Record type: Thesis (Doctoral)

Abstract

Interactions are important, since they can influence and shape a variety of real-world networked systems. Interactions can have a multi-relational nature, i.e. being of different type. Different layers of interactions can look very different from each other, motivating the need for developing multi-layer network models and metrics in network science.
This thesis aims at developing novel multiplex frameworks for the quantitative investigation of two real-world systems: (i) the web of relationships between words in the human mind and (ii) the ecological interactions among animals in ecosystems. Despite being different in nature, both the mental lexicon of words and ecosystems can be represented as a multiplex network, where nodes represent distinct entities (e.g. words or animal groups) interacting on different layers in different ways (e.g. words being semantically and/or phonologically similar; animal species eating or parasitising each other). In both the considered systems, interactions crucially determine function and dynamics of a variety of processes.

In the mental lexicon, individual interactions have been shown to influence both language acquisition and usage. In Part I of this thesis, I show that the structure of the phonological layer reflects constraints related to language use. I proceed by introducing the framework of multiplex lexical networks for quantifying, for the first time, the influence that phonology and semantics combined can have on (i) word acquisition of toddlers and (ii) word processing of adults. Results highlight phenomena that are not observable in single-layer networks. In toddlers word learning strategies based on the whole multiplex structure match empirical word learning significantly better than strategies based on individual layers, indicating that multiplexity is important for early word acquisition. At later ages the multiplex structure evolves by displaying an early, explosive emergence of a multiplex network core of words, which
facilitates mental navigation and increases robustness against cognitive impairments.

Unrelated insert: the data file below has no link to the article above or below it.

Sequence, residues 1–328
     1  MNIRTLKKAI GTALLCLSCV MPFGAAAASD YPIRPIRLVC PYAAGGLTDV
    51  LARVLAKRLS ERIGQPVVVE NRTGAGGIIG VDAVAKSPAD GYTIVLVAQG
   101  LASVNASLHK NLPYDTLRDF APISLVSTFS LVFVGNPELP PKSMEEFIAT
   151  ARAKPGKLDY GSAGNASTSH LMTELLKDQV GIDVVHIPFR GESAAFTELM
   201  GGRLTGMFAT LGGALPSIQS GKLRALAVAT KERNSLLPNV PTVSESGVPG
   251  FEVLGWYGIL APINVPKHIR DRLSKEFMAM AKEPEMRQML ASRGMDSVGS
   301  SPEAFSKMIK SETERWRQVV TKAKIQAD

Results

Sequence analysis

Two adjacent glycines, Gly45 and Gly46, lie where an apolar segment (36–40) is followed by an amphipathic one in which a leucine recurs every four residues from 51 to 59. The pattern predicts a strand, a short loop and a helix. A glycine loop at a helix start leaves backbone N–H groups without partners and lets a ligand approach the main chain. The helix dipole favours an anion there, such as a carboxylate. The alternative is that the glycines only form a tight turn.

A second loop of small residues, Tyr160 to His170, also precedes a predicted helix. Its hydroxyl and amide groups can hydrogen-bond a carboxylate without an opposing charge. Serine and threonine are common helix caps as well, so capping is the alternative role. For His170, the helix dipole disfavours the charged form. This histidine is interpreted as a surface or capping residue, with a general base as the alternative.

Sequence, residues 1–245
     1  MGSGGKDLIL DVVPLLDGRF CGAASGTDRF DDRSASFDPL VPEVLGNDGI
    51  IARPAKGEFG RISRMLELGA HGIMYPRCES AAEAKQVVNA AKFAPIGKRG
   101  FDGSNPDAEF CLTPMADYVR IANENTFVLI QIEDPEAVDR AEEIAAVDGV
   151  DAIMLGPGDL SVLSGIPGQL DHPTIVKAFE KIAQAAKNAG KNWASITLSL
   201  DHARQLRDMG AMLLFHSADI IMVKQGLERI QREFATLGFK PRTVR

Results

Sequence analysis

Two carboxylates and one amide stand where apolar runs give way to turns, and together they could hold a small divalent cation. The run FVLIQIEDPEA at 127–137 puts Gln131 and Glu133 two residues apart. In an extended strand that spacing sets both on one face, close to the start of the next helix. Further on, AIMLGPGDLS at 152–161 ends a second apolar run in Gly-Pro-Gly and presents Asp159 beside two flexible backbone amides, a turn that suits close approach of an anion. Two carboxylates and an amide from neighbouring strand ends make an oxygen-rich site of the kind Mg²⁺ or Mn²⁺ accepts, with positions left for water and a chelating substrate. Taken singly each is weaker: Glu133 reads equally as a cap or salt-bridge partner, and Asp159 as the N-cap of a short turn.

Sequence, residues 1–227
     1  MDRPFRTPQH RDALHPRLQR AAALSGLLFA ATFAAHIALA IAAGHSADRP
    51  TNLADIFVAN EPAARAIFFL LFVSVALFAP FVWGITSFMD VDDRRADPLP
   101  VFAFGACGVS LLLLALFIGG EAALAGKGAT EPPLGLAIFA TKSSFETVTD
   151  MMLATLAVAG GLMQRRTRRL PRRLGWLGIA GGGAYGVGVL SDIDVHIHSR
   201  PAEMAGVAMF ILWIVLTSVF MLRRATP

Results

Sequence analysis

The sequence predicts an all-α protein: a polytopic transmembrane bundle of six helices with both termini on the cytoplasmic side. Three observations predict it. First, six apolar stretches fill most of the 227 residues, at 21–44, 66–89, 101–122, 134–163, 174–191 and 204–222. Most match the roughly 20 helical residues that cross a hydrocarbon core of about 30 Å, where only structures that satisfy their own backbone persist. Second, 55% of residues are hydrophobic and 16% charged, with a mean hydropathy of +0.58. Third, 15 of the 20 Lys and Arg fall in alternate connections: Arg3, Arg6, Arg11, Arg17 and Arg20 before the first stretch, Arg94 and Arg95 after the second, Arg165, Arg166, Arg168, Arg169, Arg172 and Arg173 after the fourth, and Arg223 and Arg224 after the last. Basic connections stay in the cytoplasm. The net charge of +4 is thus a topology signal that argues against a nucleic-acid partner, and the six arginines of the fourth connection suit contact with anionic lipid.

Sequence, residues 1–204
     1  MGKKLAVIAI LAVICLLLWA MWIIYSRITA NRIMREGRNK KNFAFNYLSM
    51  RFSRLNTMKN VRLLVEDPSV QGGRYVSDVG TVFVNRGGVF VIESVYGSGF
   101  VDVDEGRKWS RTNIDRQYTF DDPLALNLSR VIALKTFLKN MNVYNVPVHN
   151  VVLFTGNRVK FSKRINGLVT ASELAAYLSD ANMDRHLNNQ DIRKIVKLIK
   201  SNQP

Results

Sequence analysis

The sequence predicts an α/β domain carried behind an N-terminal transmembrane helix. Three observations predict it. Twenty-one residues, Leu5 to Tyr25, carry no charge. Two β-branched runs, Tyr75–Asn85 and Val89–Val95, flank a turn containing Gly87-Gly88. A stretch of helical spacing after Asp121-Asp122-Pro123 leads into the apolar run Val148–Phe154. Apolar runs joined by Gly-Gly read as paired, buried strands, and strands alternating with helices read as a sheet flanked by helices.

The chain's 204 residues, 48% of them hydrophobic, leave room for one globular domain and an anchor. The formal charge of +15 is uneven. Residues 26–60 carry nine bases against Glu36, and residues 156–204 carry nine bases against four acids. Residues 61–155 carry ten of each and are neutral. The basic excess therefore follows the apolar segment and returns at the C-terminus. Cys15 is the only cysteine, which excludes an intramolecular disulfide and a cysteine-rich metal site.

The second part of this thesis focuses on ecosystems, where interactions encapsulated in food webs or host-parasite networks greatly influence species extinction. In Part II of this thesis, I introduce the framework of ecological multiplex or “ecomultiplex” networks for combining predator-prey and host-parasite contact interactions as two layers of a network representing trophic links in a given ecosystem. I show that host-parasite interactions can dramatically increase the susceptibility of ecosystems to a parasite pandemic compared to models based on single-layer trophic networks only. Results of the ecomultiplex model are tested against empirical findings from field work in Brazilian ecosystems, finding agreement between my theoretical results and empirical data. Furthermore, by considering the multi-relational nature of trophic interactions, I quantitatively show that generalist top predators might accelerate parasite spread rather than hampering it, thus providing a theoretical explanation to recent
empirical findings.

Both in the mental lexicon and ecosystems, multiplexity influences structure, dynamics and function in ways not yet accounted for in the literature. This thesis aims to fill this gap by suggesting multiplex frameworks suitable for quantitative testing of empirical conjectures, while opening new modelling challenges at the interface of physics, network science and other disciplines.

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Published date: 11 December 2017

Identifiers

Local EPrints ID: 419488
URI: http://eprints.soton.ac.uk/id/eprint/419488
PURE UUID: 8dc2c790-0cfc-430f-bcaf-63bae49bd839

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Date deposited: 12 Apr 2018 16:31
Last modified: 13 Mar 2019 18:47

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Contributors

Author: Massimo Stella
Thesis advisor: Markus Brede